Klean Ambassador and photographer Ernesto Sernas gives us a look at the outdoor space through the eyes of a first generation freelance photographer. Advocating for participation from the BIPOC community, his passion for the outdoors began unexpectedly and has transformed into an art form he hopes will inspire others.
Photography has changed my life. In the years since I first picked up a camera, I've met some incredible people who have challenged, inspired, and motivated me to pursue my passion. The outdoors is where I feel most at home and for me, it’s inherently tied to my work as a photographer. Whether it’s being on the road or experiencing some hidden gems with friends, I’ve been trying to find ways to make a career out of photography while having a meaningful impact on those around me.
It took years for me to come to terms with my desire to pursue it professionally. After being fortunate enough to attend a four-year college, my decision to turn to freelancing after graduating was followed by raised eyebrows and suggestions to "take the safer route" instead. The unorthodox career path I set my eyes on also raised worry from my immigrant parents, who had a much different idea of what work looks like and the idea of security over risk. Nevertheless, I knew that if I didn't pursue it wholeheartedly now, I'd one day regret not trying it sooner. There's a quote I read when I first started that said, "A year from now you'll wish you would have started today" and this really put things into perspective for me. I decided that from that day forward I’d work hard at making this career a reality.
Some weekends we would head to Big Sur, Yosemite, and the Eastern Sierras but other times local hikes took the prize, including a trail most locals still don't really know about that I found on Google Earth with vague input from another photographer friend (I still keep that hike to myself).
I was born and raised in Los Angeles and one of only outdoor activities I took part in growing up was occasionally biking with my dad along the coast and days at the beach. The concrete jungle didn’t lend itself to many encounters with nature as I would one day realize. It wasn't until I moved away to Santa Barbara for college that I truly experienced the outdoors and my love for documenting it began. I met adventurous friends who enjoyed hiking, surfing, camping, and taking pictures. I was hooked. In those four years, my photography style evolved into what it is today. I traveled near and far with a camera in hand, often in good company.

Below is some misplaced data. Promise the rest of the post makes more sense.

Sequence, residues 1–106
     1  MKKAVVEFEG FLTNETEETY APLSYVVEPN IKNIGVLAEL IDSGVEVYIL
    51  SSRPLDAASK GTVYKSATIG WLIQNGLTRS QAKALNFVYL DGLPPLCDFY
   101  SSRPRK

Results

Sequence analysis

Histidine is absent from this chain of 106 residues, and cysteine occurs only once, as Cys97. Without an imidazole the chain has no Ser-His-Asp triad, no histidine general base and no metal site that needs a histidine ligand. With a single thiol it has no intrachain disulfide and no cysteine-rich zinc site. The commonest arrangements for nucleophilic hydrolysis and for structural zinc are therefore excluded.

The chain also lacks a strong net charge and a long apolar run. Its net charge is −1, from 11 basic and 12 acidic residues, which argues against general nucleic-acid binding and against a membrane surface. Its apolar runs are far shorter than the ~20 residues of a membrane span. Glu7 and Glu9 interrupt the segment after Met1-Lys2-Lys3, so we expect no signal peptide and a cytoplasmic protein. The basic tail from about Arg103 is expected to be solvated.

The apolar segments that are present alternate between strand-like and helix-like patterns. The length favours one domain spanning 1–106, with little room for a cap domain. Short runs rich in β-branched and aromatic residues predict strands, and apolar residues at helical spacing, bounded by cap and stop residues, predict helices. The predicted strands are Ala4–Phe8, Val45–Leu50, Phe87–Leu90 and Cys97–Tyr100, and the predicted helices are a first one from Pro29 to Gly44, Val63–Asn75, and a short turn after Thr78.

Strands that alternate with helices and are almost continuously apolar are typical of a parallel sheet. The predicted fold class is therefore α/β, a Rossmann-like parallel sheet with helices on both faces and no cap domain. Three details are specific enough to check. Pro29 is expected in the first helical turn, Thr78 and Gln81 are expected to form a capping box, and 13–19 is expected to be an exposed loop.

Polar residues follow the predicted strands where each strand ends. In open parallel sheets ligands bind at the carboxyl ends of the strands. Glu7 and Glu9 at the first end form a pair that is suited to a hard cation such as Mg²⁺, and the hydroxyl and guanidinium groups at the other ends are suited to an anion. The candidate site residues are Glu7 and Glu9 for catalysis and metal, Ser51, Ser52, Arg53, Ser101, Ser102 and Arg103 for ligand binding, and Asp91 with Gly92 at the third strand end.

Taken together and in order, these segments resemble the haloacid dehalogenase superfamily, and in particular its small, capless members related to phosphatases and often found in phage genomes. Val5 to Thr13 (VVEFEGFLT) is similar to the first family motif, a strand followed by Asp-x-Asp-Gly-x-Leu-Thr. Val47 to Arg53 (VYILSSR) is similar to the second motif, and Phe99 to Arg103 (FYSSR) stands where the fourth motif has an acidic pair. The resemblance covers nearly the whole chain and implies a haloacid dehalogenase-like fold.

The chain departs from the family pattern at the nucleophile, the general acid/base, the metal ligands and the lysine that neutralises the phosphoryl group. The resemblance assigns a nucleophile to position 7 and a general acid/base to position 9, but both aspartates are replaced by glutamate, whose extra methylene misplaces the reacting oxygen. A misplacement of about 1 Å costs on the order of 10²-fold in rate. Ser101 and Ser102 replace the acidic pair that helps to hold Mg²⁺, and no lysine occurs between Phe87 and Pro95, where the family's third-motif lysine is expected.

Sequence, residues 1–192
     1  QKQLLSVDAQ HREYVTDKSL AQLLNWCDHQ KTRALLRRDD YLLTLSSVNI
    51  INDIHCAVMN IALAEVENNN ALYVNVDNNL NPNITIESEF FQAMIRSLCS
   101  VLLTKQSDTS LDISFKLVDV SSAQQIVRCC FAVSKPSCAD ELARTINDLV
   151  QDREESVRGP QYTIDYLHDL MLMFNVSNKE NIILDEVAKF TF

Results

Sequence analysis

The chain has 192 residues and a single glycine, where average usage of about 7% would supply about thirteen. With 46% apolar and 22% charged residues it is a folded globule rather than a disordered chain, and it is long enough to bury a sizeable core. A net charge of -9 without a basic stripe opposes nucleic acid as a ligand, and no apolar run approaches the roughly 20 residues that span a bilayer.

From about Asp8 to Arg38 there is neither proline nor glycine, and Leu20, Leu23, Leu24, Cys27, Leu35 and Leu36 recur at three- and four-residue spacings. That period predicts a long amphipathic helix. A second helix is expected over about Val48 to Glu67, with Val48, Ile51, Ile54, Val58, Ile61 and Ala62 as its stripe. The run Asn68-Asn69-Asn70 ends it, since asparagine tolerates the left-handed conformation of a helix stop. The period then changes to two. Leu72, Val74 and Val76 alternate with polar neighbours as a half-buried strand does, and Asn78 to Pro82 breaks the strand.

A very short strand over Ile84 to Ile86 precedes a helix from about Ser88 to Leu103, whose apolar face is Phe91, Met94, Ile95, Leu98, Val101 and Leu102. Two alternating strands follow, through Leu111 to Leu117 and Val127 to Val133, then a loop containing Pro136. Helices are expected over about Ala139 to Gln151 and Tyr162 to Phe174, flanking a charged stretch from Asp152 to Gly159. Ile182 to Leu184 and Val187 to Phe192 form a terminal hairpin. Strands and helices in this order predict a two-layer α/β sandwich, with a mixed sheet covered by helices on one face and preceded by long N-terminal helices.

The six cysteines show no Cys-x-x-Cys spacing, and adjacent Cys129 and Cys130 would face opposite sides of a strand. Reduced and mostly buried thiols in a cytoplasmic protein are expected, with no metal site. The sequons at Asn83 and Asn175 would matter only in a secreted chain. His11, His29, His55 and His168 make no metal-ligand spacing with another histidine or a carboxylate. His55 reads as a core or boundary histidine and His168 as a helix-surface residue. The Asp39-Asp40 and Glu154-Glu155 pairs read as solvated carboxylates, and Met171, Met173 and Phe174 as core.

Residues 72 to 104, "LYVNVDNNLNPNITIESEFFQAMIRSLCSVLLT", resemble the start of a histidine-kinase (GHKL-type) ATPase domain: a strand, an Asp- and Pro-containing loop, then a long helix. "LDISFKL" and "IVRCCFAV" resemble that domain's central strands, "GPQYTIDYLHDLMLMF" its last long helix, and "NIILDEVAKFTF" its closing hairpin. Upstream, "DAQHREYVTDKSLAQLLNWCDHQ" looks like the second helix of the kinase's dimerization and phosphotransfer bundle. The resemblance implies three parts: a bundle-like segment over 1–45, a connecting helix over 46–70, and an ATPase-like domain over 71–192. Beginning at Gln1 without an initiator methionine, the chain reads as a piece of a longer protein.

I then leveled up to an Oregon road trip, living out of a car for a week in Arizona, and a week-long trip to Utah. Throughout all those adventures, there was one thought I kept going back to: I wish more people could see these places for themselves. People like myself who come from minority backgrounds. I felt incredible privilege for having the opportunity to experience those places first hand and hoped that people would be inspired to visit them through my work.
I've always strived to bring new people with me or invite friends who wouldn't normally go hiking or camping hoping to share a bit of what I love to do with them. The one thing I always try to convey whether it's through my work or the way I present my adventures is that spending time out in nature doesn't need to be super technical, complicated, look a certain way, or even be expensive. Even walking to a nearby park or to the beach is an excellent start. It's often these misconceptions that deter some people from wanting to try things out for the first time (myself included). I also have my close friends to thank for letting me borrow gear in the past which allowed me to be better prepared for outdoor activities. And just like them, I hope to do the same for others trying to get outside.
My focus for the last few years has been to share images taken during my hikes, road trips, and other outdoor activities I do along with a few of the experiences that go along with them for everyone to see. Our heightened awareness for the work still yet to be done regarding inclusivity in the outdoors has led me to try to understand my place in the outdoor industry specifically and what role I want to play in it moving forward, given my latino background.
I'm a newcomer, I know, and I have loads of experience yet to garner. But the decision to ask myself this question now rather than later will hopefully allow me to create and work with purpose moving forward. There aren't many people who look like myself in this industry, especially at the top and that is something I hope changes as time goes on. I want my photography to inspire others who look like me to spend time outdoors the same way some of the best photographers in this outdoor industry have done for me. Whether it's for work or enjoyment, the outdoors should be accessible to everyone equally. It's there for all of us to enjoy.
We all have a different upbringing and varying experiences being out in nature, but diversifying the discourse that takes place regarding "being outdoorsy" and what it looks like will make it more inviting to newcomers. This along with more representation for BIPOC in marketing to show that anyone can participate in outdoor activities can have a long-lasting impact. This is why I'm incredibly thankful to Klean Kanteen for giving me the opportunity to talk about my experiences and the value I hope to provide moving forward. I hope that by playing a part in creating a more inclusive industry, Klean Kanteen can continue to includes stories from a diverse array of individuals and to inspire people to get outside, appreciate these places, and in turn want to protect them.